PukkaTeam doesn’t track your desktop but instead uses your webcam to snap a still image every few minutes. So most of the day will be you staring at your screen, it’s what you might imagine seeing in an office. You can also click on any still image of your team members to start a video chat session. Offices that keep entire teams of remote employees are hoping that Sqwiggle is the answer for tracking productivity, increasing remote worker morale, and improving inter-team relationships. 

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Slack 

Slack is still the hot ticket for collaboration, and while there are some stumbling blocks, there are many benefits for freelancers and team-employees. Skype is one alternative that presents a lot of data insecurity. Then there’s the struggle that comes with the alternative option of Google Hangouts. Hangouts gained a reputation for job-interview scams, and they haven’t really recovered trust since then.  

Not to mention that Slack captures your messages even when you’re working with slow internet. However, it is one of the bigger problems for slack app users as the application may not inform you of dropping off your connection. The best practice is to use Slack on a desktop rather than on your phone. 

Independent workers can use slack by inviting their key contact person to join them and then have an open communication through chat threads. You can track discussions easily as well through tagging and more. If you have a remote team, consider using Slack to make communication easier and more succinct. If you are a freelancer, consider using it with your clients to promote better communication.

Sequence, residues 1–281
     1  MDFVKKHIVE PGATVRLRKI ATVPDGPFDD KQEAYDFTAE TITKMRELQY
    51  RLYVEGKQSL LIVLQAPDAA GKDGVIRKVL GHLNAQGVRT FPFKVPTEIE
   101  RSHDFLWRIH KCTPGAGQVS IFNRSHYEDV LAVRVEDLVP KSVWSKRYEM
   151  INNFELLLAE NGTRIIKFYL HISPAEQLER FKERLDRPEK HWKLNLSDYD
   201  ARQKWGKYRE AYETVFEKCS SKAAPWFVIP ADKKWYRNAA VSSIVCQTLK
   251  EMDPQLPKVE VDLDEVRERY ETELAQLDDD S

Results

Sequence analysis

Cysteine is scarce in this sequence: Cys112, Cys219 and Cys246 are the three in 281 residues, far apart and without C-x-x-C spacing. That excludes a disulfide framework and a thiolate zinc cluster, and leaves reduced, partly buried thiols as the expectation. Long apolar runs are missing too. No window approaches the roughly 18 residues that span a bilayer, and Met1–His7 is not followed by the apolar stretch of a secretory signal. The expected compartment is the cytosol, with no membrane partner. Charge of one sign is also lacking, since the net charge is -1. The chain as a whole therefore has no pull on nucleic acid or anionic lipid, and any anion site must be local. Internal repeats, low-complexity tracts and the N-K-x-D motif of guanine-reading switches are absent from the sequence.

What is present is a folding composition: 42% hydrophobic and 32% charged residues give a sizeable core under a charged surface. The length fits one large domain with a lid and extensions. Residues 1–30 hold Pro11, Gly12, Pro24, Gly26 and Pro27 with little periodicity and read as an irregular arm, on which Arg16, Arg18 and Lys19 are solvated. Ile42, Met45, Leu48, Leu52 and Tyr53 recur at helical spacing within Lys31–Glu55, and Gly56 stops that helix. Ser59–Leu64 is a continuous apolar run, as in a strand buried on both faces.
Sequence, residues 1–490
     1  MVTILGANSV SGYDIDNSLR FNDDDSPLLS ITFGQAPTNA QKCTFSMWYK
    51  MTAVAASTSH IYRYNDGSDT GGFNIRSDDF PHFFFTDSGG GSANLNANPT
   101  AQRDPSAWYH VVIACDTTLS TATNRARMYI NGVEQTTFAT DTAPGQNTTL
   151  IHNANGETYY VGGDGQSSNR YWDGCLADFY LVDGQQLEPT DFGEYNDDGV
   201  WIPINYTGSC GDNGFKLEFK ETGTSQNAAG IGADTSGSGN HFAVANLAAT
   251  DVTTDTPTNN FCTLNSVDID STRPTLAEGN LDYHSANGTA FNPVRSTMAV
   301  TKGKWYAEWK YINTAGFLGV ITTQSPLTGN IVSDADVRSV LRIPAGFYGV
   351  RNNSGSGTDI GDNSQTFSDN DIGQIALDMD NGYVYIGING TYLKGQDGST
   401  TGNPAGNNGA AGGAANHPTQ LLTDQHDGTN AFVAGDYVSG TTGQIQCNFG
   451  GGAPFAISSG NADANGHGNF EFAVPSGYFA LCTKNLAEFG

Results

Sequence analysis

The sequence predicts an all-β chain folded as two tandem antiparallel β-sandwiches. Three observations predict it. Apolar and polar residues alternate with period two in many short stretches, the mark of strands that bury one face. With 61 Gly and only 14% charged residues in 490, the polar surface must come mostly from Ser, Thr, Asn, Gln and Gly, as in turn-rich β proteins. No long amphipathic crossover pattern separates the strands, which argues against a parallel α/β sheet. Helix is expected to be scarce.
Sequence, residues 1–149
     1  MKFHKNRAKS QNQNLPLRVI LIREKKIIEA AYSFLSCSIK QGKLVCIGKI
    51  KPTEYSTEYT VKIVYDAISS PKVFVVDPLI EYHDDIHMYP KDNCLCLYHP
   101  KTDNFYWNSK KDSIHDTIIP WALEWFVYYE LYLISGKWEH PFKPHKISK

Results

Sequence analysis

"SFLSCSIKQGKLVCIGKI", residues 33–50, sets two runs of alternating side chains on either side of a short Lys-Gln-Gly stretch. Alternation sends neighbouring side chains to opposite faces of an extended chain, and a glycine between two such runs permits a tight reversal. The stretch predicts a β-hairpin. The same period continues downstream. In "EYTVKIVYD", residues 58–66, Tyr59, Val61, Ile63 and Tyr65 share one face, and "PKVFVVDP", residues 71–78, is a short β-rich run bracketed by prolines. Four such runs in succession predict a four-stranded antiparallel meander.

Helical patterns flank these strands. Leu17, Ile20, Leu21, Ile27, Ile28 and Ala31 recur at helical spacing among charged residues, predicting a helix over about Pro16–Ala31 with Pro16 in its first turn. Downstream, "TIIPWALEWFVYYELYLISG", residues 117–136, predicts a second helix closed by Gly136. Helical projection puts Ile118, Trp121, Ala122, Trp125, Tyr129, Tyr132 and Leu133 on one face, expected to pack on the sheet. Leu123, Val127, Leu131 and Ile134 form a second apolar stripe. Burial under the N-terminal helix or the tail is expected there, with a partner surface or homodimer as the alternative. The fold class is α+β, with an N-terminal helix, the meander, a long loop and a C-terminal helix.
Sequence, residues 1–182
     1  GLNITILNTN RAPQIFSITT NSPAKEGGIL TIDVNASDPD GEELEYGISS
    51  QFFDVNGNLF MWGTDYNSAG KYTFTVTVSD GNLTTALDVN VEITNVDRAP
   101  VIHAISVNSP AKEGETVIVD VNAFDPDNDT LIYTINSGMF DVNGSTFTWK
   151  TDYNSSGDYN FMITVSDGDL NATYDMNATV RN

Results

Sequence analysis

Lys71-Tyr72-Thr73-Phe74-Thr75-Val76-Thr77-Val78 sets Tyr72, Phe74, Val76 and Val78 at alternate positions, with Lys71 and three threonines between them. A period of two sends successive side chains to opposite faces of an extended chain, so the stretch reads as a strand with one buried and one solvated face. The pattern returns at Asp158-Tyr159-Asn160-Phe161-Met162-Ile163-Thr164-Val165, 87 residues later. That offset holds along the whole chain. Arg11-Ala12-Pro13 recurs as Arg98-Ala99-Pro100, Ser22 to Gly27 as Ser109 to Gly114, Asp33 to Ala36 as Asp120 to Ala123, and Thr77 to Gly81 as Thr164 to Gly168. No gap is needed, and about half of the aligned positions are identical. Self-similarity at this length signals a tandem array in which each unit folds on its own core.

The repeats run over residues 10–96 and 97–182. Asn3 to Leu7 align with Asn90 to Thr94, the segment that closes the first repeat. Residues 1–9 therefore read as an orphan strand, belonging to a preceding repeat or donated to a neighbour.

Glint – Promote Employee Engagement 

Glint is a digital solution to a huge, and rather unforeseen, problem. When companies first started bringing in remote-staff or work-from-home employees, they thought that it only came with benefits. Employees who worked remotely would have more control of their schedule, waste less time commuting, and ultimately be happier. 

Then the initial hype wore off, and managers realized that their remote staff wasn’t engaged. They didn’t feel like part of the team, and that disconnect led to employee dissatisfaction. The levels of dissatisfaction would only come to light when the company performed yearly reviews or surveys. That’s where Glint comes into play. 

Glint pulls together massive amounts of data and sorts through employee comments to find recurring issues and trends. Then it reports these issues to management who can take action right away. It trades in the yearly survey for an ongoing influx of feedback from both staff and managers. Glint works best for large companies that use a mix of work-from-home and in-office staff. All the same, it can help managers know when their staff is unhappy. 

Internet Of Things Hubs – Alexa, Google Home, And Siri 

The Internet of Things has made it possible to play music and open a search engine without anything more than a voice command. That’s one reason why IoT hubs like Amazon’s Alexa are really great tools for remote workers. You can order groceries, make notes, and create to-do lists without leaving the task that you’re working on at the moment. 

Consider using Alexa or a similar device as your own personal virtual assistant. Install the correlating app on your phone, speak with the device frequently, and schedule alerts or alarms. You can keep yourself on your toes while putting other worries to rest. You can even schedule things on a calendar and then not have to think about them until your device reminds you of the upcoming event — all with a voice command.